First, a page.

Online Bullying Even When Working From Home (Contribution from freelance writer Jenny Holt)
The following post comes to us from Jenny Holt, who left her HR career behind to pursue freelance writing and to spend more time with her young daughters at home. This article is based upon her own entrepreneurial journey and balancing family and work.
Online Bullying Even When Working From Home
For me, this is a personal topic. Bullying was endemic in the company where I worked prior to becoming a mother. Human Resources is a challenging and fast moving area of any business. At first it excited me – the ability to find ideal, new employees, evaluating them, helping them flourish and rewarding the good ones. However, it soon became like many other areas of business and life in general – a case of who you know, what you say to the right person, and more, how you destroy those you do not like. Those in power bullied the new, the weak, and the ostracized. This had nothing to do with ability or work ethic, but everything to do with cliques.
No Boundaries for 21st Century Bullying
The level of bullying increased whenever someone was ill, made a mistake, or worst of all, got pregnant. So you can imagine my own feelings on becoming pregnant for the first time. Sure enough, the bullying stepped up a notch. Luckily, senior management was flexible and accommodating, so they let me become a remote worker. My jobs could be done from home just as well as in the office and for a while this was fantastic; largely because I had a new daughter who brought joy to my life, a supportive and engaged husband, and maternity leave – sweet maternity leave.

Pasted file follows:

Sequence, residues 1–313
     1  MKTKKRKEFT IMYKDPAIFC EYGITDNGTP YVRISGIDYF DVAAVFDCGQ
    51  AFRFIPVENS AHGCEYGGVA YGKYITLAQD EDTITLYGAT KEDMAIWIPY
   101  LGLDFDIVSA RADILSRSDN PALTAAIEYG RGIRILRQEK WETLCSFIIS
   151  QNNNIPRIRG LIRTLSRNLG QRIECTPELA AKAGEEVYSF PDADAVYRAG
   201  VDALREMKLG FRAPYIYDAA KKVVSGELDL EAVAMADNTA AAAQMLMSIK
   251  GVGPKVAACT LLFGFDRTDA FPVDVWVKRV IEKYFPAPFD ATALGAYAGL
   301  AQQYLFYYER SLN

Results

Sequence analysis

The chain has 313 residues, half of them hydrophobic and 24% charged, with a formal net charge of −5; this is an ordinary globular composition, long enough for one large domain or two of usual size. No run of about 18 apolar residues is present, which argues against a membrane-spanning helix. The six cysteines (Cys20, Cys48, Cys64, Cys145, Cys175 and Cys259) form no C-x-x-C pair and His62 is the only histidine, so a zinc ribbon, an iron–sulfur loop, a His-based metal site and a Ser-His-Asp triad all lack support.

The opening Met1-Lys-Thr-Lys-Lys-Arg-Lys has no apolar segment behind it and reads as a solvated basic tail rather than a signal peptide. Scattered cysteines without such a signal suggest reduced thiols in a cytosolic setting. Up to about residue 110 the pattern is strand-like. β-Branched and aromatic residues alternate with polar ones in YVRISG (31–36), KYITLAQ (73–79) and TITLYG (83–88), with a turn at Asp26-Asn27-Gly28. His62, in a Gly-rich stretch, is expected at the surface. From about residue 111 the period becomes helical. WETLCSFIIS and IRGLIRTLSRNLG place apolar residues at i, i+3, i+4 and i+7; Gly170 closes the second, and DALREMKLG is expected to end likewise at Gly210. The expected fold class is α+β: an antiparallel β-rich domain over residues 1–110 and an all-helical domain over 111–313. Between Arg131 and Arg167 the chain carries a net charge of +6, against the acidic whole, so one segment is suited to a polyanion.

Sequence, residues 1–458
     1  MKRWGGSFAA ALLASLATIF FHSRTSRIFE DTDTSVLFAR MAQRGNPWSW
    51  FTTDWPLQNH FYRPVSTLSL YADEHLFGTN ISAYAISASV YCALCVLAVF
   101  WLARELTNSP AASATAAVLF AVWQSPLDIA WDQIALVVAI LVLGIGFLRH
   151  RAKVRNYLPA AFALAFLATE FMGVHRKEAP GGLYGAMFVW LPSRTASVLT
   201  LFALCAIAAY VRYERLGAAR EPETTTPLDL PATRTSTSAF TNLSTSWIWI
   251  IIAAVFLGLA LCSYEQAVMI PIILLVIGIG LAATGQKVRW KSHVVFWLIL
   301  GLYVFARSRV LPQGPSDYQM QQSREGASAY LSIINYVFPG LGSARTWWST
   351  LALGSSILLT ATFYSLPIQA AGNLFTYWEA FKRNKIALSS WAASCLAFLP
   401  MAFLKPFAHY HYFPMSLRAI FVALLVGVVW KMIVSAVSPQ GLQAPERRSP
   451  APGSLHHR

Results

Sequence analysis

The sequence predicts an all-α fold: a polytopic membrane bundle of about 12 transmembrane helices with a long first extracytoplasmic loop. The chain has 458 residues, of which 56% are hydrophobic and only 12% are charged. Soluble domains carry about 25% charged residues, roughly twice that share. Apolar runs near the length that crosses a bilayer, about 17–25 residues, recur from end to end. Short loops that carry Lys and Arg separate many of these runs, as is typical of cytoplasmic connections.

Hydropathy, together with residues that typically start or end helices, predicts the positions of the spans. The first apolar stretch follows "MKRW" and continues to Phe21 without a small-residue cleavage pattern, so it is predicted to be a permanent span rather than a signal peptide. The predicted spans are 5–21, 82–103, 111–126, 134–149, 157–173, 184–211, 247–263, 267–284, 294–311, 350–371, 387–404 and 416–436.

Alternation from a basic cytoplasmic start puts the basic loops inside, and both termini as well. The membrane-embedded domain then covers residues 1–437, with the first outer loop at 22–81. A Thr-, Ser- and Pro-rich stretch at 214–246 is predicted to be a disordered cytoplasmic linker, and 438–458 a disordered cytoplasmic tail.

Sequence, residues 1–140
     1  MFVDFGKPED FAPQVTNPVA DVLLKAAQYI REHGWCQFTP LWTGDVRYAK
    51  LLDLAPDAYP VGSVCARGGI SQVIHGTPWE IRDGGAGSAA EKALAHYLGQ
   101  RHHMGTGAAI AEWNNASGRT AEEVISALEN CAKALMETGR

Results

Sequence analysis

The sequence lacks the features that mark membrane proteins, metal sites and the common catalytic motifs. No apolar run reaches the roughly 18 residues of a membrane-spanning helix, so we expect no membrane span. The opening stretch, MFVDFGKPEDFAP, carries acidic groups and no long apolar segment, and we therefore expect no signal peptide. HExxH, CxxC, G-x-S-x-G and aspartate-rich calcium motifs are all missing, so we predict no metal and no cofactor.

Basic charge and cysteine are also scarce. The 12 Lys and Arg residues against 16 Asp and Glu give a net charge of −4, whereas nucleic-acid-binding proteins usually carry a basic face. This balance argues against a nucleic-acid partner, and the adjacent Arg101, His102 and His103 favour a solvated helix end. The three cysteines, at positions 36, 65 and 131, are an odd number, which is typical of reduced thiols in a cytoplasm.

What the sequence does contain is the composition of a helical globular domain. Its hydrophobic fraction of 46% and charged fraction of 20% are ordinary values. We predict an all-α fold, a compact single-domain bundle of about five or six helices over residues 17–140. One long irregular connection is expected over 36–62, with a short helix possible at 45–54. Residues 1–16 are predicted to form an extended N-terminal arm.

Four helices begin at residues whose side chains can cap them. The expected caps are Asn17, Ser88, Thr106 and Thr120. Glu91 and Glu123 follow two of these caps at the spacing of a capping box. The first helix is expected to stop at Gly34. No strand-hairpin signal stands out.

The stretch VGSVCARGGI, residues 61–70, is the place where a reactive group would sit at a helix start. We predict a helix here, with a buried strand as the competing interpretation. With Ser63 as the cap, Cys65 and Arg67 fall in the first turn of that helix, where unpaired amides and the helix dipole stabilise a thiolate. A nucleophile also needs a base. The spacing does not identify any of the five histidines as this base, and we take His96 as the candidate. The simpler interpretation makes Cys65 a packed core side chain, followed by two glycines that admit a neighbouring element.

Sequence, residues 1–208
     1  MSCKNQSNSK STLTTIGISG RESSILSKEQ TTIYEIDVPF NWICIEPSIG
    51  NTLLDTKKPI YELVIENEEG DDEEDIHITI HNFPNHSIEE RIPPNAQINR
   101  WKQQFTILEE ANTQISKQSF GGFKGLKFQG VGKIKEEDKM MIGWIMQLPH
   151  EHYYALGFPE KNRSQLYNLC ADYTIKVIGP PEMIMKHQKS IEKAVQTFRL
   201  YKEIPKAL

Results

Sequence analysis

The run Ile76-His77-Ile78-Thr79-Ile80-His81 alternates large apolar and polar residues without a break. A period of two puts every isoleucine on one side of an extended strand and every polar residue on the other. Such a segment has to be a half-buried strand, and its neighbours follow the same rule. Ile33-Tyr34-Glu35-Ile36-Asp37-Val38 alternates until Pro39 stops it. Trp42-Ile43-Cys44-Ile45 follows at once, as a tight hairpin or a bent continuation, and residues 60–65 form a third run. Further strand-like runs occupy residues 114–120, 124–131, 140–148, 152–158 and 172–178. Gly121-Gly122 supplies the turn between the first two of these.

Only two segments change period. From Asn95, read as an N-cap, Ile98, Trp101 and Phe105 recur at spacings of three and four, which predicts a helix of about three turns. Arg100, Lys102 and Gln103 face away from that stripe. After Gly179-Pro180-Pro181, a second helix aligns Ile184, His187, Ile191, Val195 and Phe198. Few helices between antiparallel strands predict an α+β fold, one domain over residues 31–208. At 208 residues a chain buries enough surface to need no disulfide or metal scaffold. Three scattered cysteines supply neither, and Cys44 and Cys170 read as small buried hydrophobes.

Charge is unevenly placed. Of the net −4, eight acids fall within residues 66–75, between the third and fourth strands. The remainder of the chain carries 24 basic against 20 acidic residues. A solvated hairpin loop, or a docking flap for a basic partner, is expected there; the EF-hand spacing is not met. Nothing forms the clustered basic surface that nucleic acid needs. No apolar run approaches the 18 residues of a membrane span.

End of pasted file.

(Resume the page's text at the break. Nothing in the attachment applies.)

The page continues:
Once back, even though I worked from home, I would receive bullying emails, text, Skype messages, and phone calls. Eventually I was released from my work for “under-performance,” despite being one of highest producing employees. Working from home is not a protection from bullying in the 21st century. Whether as a remote employee or a freelance worker, those who seek to bully will do so regardless of the working environment. It can be brazen and open or covert. In fact, the proliferation of smart devices, chat apps, online work platforms, and so on make it easier for bullies to get a hold of their targets and harass them 24/7.
What Employees can do to Reduce Online Bullying
If you need to leave your current employer or client, then you are presented with several options. There may be legal angles you can take due to the nature of the bullying. This is, however, a long term compensation rather than a solution. Finding new clients is obviously the first thing for a freelancer to do. Being self-employed, there are benefits and problems when work is slow, so it can feel difficult to give up a source of income and trade it in for insecurity. If you have been earning for long enough, you may be eligible for unemployment insurance. While there are federal regulations, most of this is handled on a state by state basis. Any unemployment insurance and benefits can be vital in giving you the chance to turn around your situation and find new employment, new clients, or a totally new direction.
However, it may be possible to save the situation. Being bullied has untold effects on our bodies and our minds, but it is not something to suffer or put up with. First, you should gather evidence of how you are being bullied by this person or people. Then you need to find the support of someone in authority – this can include a Union Rep if you have one. Check your legal rights under both federal and state law. Then you need to stay tough, hold your ground, and sadly, as noted above, have an exit strategy just in case. Now, the important part is not to confront the bully directly because they can and will twist this to suit them. First confide in management or a colleague, and work with them to address the situation.
Bullying can come in all shapes and forms – and even from someone you consider a friend. If a colleague or client’s actions are causing you mental and emotional distress and impacting your work, it’s time to take action. No amount of money is worth putting up with negative and harassing comments. Often it’s the subtle harassment that builds up over time that is the hardest to identify. Working together doesn’t mean you have to be friends, but it absolutely means you must treat each other with respect!
Have you been a victim of workplace bullying? Please help us shine a light on the common occurrence of this very important topic!